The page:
Why teach road safety?
There has been a reduction in deaths and serious injuries on our roads over the years and in 2009 the number of deaths was the lowest on record. However there is a need to reduce deaths and injuries even further.
The following statistics give a broad picture:
- In 2009, 38 children aged 0–11 years were killed on Britain's roads. Another 1,372 were seriously injured. Of these, there were 10 deaths amongst 5–7 year olds and 355 serious injuries.
- In 2008 a Transport Research Laboratory survey showed that 6% of 5–9 year olds were not restrained at all when travelling in the rear of cars.
- Most children under 9 can't judge how fast vehicles are going or how far away they are.
- 67% of children aged 0–11 killed or seriously injured in 2009 were on foot at the time. In the 5–7 year old age group around 69% were on foot.
- In comparison with other countries, Britain's overall road safety record for children is on the whole very good, and its rate for child fatalities is well below the European average. But our record on child pedestrian fatalities remains less good than many European countries, though improving rapidly.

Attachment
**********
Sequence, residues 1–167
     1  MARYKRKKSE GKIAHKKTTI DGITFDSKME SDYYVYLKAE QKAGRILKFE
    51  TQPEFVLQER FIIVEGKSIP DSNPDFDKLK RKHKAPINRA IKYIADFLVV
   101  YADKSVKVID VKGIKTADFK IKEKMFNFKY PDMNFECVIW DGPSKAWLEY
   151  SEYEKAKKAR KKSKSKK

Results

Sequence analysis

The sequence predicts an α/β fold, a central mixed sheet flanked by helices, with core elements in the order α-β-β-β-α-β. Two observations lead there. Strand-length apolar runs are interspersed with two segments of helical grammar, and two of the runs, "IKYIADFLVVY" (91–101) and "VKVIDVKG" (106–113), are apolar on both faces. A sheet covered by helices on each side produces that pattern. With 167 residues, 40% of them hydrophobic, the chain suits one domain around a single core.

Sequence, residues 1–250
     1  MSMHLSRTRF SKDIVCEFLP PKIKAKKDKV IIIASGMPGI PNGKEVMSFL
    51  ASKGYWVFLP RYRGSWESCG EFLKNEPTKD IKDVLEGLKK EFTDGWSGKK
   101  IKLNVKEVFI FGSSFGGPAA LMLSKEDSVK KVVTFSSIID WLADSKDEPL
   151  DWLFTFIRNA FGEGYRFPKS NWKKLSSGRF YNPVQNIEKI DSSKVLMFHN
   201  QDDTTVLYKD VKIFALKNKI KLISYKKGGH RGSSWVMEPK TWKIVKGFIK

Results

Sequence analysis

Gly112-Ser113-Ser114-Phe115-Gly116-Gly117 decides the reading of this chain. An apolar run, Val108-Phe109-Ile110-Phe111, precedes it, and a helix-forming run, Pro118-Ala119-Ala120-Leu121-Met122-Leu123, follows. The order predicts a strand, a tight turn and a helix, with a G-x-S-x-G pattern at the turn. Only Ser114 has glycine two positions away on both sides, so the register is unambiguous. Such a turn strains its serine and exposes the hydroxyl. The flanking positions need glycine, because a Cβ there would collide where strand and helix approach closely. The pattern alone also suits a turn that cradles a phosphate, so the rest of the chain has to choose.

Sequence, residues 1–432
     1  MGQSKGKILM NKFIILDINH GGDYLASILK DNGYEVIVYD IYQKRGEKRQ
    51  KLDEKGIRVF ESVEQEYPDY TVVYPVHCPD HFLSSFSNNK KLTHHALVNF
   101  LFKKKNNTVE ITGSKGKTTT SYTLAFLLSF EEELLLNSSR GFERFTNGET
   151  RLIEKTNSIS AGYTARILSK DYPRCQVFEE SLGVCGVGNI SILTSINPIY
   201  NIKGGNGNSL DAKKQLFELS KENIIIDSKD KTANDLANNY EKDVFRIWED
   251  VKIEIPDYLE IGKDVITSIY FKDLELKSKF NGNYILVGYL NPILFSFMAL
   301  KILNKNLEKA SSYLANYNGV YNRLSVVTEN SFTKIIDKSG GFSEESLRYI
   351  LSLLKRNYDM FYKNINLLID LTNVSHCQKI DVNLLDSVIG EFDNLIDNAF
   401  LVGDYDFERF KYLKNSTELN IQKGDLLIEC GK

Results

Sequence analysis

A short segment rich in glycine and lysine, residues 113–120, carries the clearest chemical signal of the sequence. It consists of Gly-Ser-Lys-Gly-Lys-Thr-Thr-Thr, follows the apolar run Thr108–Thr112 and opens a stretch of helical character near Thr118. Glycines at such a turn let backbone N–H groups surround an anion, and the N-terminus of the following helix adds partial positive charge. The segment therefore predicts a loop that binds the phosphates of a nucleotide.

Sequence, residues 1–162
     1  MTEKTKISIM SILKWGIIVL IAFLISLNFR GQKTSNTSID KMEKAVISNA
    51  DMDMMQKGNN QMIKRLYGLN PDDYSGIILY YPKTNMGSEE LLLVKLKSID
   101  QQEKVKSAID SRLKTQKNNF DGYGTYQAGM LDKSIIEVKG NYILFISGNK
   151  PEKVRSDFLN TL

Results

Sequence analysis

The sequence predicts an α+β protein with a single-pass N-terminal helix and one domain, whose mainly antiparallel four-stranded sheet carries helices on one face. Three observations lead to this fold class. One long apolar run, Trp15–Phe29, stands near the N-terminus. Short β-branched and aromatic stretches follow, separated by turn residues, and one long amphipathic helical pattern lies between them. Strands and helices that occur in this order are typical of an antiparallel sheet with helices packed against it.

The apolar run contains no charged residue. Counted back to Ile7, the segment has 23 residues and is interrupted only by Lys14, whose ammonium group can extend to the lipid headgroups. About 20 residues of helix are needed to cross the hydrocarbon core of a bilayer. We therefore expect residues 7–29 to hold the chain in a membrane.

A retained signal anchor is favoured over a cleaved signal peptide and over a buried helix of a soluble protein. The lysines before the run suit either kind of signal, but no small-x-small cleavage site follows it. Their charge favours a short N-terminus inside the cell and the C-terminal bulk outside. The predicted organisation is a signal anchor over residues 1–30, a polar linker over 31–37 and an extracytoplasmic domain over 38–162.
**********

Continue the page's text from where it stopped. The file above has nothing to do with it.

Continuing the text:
Parents are often uncertain about where the responsibility for teaching road safety lies. One of the aims of this resource is to ensure that this responsibility is shared by all those involved with young children.
It should also be emphasised that there is a need for overall balance when teaching road safety: we must not suggest to young children that they are always at great risk near traffic and we do certainly not want to convey the message to anyone, least of all parents, that children can only be kept safe by keeping them indoors or in cars. Walking and cycling must continue to be promoted as healthy, enjoyable activities; the challenge is to give children the skills, understanding and confidence to deal with traffic safely while they are engaged in them.